Laura TaalmanLaura Taalman is an Associate Professor of Mathematics at James Madison University. She received her Ph.D in mathematics from Duke University, and her undergraduate degree from the University of Chicago. Her research includes singular algebraic geometry, knot theory, and the mathematics of puzzles. She is the author of Integrated Calculus, a textbook that combines calculus, pre-calculus, and algebra into one course, and a recipient of the Trevor Evans Award and the Alder Award from the Mathematical Association of America. As part of Brainfreeze Puzzles, she is an author of the puzzle book Color Sudoku. Laura lives in Harrisonburg, Virginia where she spends way too much time playing and making puzzles.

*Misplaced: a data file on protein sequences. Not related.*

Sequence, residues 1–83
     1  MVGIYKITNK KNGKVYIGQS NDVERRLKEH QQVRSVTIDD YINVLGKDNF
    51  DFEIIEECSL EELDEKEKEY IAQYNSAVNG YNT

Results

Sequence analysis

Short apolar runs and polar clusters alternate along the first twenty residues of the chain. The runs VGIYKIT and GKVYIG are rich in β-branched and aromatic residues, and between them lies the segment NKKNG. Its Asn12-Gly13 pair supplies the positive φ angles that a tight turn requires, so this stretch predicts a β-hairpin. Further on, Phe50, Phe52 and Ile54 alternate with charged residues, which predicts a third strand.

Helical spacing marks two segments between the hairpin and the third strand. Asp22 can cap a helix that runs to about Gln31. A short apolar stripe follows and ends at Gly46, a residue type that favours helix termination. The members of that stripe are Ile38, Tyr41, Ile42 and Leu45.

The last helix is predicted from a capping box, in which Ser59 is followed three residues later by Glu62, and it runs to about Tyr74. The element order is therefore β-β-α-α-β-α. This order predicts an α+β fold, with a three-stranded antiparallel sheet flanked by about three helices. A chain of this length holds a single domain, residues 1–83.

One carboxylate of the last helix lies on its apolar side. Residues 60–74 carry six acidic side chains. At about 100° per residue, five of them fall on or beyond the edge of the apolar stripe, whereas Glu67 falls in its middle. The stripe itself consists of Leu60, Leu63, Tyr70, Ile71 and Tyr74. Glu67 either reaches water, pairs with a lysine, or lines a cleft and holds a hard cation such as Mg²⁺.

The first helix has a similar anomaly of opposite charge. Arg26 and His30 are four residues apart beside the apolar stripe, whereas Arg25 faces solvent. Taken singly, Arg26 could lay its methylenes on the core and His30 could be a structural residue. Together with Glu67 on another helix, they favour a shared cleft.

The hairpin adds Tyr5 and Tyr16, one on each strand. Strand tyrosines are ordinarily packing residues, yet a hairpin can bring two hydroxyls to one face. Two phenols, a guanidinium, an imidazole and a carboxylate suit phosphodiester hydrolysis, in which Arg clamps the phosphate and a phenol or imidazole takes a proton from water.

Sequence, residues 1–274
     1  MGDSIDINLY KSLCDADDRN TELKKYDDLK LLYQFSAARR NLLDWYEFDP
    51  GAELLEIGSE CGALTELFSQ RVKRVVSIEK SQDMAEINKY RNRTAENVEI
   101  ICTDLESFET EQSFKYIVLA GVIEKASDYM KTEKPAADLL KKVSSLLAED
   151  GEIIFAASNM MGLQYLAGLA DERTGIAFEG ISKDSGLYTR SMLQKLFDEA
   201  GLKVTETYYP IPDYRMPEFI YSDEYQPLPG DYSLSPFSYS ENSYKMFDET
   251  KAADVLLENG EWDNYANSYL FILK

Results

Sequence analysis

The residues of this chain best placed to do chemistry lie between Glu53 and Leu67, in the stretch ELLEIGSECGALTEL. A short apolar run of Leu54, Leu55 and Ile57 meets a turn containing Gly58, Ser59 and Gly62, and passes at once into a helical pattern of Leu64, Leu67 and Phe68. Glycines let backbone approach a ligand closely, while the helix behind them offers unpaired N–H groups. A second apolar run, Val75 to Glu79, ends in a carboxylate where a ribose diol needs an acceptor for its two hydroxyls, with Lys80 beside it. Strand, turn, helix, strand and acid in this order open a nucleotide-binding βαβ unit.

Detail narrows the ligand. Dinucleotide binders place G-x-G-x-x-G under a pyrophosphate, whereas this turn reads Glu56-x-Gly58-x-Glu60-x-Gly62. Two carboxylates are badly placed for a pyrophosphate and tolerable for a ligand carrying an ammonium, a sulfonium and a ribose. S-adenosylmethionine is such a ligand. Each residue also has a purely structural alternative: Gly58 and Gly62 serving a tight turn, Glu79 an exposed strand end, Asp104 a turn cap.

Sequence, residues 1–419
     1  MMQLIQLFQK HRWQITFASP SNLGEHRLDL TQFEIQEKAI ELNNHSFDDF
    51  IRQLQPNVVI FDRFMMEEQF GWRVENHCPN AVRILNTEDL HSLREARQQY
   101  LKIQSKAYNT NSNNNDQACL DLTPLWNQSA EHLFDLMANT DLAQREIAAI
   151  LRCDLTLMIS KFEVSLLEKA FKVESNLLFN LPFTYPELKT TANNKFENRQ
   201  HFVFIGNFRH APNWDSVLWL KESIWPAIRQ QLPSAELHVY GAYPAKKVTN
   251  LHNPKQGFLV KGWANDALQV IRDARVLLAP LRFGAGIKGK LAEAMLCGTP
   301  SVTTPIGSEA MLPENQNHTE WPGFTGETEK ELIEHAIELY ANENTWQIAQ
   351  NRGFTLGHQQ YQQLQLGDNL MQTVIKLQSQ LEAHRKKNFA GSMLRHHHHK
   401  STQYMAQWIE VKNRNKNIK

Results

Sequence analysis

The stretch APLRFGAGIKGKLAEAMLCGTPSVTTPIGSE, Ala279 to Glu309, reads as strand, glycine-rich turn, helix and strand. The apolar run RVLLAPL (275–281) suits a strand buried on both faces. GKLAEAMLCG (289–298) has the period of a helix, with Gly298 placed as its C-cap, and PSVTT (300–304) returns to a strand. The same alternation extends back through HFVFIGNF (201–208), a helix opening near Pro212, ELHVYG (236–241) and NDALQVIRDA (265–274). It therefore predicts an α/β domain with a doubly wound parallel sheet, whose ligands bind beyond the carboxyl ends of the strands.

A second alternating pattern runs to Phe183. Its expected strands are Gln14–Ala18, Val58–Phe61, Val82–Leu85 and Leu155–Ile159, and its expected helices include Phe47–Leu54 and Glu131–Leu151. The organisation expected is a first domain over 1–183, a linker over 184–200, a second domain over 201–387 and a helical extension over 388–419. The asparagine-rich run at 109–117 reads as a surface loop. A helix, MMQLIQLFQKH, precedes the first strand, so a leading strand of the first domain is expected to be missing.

Laura Taalman: Hi! I am Laura Taalman from Brainfreeze Puzzles. Today, we are discussing how to solve Sudoku puzzle. In this clip we'll talk about a basic Sudoku solving technique called One Place . In the last clip we saw that we could sometimes find cells in the puzzle for which only one choice of number was possible. Now, we will see that sometimes we can find rows or columns in the Sudoku puzzle for which there is only one place where certain number can go. For example, look at the center column of the puzzle. There must be a one somewhere in this column. There are five open cells in this column where the one could potentially go, but which one is right? Well, there is already a one in the second row, so we know there can't be a one where that row intersects our column. There are also already ones is in the third row, the sixth row, and the eighth row of the Sudoku puzzle. This leaves only one cell in our column where the number one could be placed. There is only one place for the one in this column. Now, our job is to look for other rows or columns, where you might find a one place situation. Let's try the third row and see if we can place a nine in this row. There are seven open cells in this row. Four of these open cells are in columns that already contain nines. There is also a nine in the upper right block of the puzzle and this block intersects our row. Now, we know there are just two locations that the number nine could be placed in this row; but, at this point we can't be certain which of these locations is the one correct place for the nine in this row. So we can't use the method of One Place here. This is going to happen to you a lot as you solve Sudoku puzzles. You try something, see if it works and if doesn't then you move on and try something else. Can you find another row or column where one place might work? Let's try to use one place to fill in a four in the first column. Notice that the upper left block already contains a four. This means that none of the cells in our column that intersect this block can contain the number four. This leaves only one place in our column for the four. We now know how to find rows and columns in the Sudoku puzzle for which there is only one place for a given number; but, what about the blocks of the puzzle? In the next clip, we'll extend the concept of one place to a very powerful Sudoku solving technique known as Scanning.